This two-tiered container garden has been impressing me all summer, and received lots of likes on my Facebook page, so I decided to share it here too.
It is two containers stacked, the smaller one sitting on top of the soil of the larger container. I wasn’t sure what would be planted in the bottom level at first until I spotted some nice looking six packs of Portulaca grandiflora MOJAVE Tangerine Purslane at a local nursery. I could tell the plants were fresh and healthy, so I grabbed two 6 packs and planted them around the base when I got home. They were small sizes and easy to tuck into the soil.
I also knew this annual was a great candidate for the location of the containers, because Portulaca can take hot sun and is drought tolerant. The color of the blooms are a bright to soft orange, and with some Nepeta (catmint) planted in the ground below, the color combo of orange and blue blooms of the Nepeta would be complementary. Portulaca has a spreading habit and grows to 6″ to 8″. It blooms from early summer to frost. Definitely a hard working annual for our CT planting zones.
Elephant ears (Colocasia) were planted on each side of the container in the ground. Using some kept from my overwintered stock, I thought they were Colocasia esculenta ‘Maui Magic’ but the color got so rich and lush, and at the right time of day, the leaves shimmer like a silky black negligee. So I was considering that maybe they were ‘Black Diamond’ but now I’m just not sure because ‘Black Diamond’ has pointy tips to their leaves. Its possible the color intensified due to the location, which faces west. I decided this was the case as I watched it grow larger all season and is still showy in fall.
Because it is against my house, it has nice shade in the morning, and the sun gradually warms up the area mid day, but by mid afternoon, it gets hot sun. As long as you water your elephant ears regularly, they can take the sun too. It turned out the rich dark color of the elephant ears look amazing against and near the showy orange of the Portulaca. It made the Portulaca stand out more with the contrast in color plus the leaf textures of both, the Portulaca being fine and Colocasia being coarse, worked.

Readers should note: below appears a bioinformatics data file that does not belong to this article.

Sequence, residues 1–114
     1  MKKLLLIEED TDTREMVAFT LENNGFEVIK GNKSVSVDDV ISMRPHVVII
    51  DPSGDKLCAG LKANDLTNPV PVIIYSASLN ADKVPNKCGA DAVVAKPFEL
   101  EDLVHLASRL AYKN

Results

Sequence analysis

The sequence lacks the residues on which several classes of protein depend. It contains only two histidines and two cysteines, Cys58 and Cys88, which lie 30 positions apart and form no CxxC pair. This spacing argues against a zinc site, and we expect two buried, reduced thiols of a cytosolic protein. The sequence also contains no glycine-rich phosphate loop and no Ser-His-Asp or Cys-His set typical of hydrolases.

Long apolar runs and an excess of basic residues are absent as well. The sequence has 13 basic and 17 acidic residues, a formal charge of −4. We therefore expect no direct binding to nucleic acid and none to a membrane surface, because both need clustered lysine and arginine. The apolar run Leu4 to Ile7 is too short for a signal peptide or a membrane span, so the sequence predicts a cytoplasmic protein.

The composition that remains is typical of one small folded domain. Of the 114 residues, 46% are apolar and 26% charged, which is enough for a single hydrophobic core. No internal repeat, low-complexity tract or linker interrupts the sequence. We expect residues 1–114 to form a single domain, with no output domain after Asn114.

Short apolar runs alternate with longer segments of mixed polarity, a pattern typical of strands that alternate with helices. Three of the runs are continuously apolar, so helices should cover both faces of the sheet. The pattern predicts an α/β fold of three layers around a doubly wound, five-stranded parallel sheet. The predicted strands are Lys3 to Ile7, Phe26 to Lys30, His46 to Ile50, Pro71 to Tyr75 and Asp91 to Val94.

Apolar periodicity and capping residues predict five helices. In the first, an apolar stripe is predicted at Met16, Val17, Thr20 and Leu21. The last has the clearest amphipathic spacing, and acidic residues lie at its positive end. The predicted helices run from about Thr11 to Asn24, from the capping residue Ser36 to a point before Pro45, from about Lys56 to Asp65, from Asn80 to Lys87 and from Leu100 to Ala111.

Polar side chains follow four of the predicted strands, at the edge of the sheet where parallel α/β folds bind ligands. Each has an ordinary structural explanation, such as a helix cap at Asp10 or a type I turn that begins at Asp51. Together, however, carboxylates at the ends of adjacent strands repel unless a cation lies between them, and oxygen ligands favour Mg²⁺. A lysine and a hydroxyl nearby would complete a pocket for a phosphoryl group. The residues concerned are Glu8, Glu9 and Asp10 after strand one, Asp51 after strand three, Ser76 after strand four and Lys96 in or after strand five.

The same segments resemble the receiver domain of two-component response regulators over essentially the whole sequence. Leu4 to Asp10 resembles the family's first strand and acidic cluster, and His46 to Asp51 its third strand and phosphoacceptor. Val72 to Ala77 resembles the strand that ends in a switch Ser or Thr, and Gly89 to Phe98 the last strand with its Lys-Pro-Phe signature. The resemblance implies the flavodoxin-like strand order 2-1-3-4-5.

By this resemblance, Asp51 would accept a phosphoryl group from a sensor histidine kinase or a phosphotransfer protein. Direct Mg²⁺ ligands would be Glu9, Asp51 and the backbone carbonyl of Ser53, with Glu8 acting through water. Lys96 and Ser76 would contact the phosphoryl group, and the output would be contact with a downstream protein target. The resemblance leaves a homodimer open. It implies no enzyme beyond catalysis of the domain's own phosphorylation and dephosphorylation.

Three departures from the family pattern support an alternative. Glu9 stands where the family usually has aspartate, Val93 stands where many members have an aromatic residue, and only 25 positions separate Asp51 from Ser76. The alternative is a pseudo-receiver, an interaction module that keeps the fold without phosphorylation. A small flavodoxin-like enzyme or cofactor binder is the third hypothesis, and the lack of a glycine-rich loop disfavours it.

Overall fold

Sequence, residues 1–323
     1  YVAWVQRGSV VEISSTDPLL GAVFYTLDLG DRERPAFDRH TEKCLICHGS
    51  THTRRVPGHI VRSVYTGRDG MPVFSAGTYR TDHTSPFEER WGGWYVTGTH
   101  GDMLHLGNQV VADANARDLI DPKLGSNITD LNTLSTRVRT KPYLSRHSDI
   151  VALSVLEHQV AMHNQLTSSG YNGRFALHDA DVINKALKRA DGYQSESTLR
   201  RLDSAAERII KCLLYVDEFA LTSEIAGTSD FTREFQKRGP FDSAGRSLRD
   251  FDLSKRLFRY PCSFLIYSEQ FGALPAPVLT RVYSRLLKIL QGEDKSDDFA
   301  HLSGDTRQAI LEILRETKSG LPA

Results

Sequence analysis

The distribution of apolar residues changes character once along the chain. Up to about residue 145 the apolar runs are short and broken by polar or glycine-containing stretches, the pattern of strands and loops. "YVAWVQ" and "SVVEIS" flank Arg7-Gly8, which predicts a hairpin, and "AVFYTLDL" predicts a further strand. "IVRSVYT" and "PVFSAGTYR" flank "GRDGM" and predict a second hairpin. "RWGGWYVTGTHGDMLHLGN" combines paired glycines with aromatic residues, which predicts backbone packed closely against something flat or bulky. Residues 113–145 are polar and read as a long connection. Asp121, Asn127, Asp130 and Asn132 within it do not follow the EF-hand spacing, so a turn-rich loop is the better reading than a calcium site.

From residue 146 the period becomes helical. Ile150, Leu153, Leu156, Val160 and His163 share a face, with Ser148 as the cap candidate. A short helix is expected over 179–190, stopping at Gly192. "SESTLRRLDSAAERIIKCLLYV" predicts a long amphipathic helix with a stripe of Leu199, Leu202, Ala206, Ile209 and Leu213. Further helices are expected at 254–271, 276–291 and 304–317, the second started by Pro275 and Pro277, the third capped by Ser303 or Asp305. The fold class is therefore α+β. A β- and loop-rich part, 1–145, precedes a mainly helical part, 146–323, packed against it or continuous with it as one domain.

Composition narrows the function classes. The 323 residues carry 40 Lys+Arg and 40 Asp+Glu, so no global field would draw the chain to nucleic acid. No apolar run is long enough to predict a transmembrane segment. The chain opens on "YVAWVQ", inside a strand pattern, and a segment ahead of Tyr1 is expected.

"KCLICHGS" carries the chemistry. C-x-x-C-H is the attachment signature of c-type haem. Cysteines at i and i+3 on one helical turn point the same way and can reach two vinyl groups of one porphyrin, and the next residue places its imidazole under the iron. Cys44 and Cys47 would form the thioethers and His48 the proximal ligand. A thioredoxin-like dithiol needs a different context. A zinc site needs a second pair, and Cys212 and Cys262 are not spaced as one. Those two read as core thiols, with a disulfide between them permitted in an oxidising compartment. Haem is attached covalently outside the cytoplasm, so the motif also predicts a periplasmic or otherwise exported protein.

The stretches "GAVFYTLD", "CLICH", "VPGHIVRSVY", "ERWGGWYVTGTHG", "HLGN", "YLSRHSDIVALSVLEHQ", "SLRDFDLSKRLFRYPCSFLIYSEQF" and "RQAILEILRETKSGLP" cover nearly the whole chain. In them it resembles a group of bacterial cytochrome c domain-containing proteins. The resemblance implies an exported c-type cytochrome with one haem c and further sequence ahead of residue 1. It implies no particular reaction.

The only downfall of the Portulaca is the blooms roll up tight for the evening. So, around 3 pm, the bloom show closes for the day. The disappointment was my guests missed out on how incredibly beautiful they are if they visited later in the day. I had forgotten these flowers do this. In fact, a friend told me recently she has some at her house, and her husband asked her what happened to their plant when he came home one evening to see their’s rolled up tight too.
The top part of the two-tiered container let me down a tad. I expected the Brugmansia (Angel Trumpet) to grow taller along with the Canna next to it. However, the Pennisetum setaceum ‘Rubrum‘ filled in nicely. Known as Fountain Grass, it is always a great filler or thriller in a container garden. It is an annual in our region. But the coloring of red blades can’t be beat, and worth replanting every year in containers. It reaches 2-3 feet tall and its fuzzy plumes are showy into the fall season. It looks great with fall decor for some reason, guess because it has movement and has a nice rich color against the yellows, reds, and oranges of the autumn season.
Planted to the right of the pot were also some Canna plants with red blooms. Sometimes when I was admiring the Portulaca blooms, a buzz from a hummingbird would go by my ears as it visited the Canna. I call the Cannas, my ‘Rene Cannas,’ because my friend, Rene, gave the rhizomes to me last season.
For the spiller, the reliable Ipomoea batatas (sweet potato) vine was planted on the left side. This one is Sweet Georgia Heart Red. And on the right side is Sedum makinoi, which is new to me. It has a nice shape to its leaves and dark coloring so it fit in with the rest. Lastly, a little decorative Gnome was tucked in for fun.
The fact my containers are old and a bit worn did not matter because the plants created a lush and full look hiding the scratches on the pots. As one Facebook friend posted, it is “Beautiful, rich, luscious, heavenly.” I, of course, agree!
Written by Cathy Testa
One more photo:
I have always had a love for elephant ears… I have NONE in my yard. I need to remedy this! LOL Thanks Cathy! this was great!
Hi Jenny – We must remedy this – no elephant ears in your yard! Let’s talk next season when I plan to have some available. I just love them – and they sure remain dramatic all the way into fall for us CT folks. Thanks for your comment. Cathy T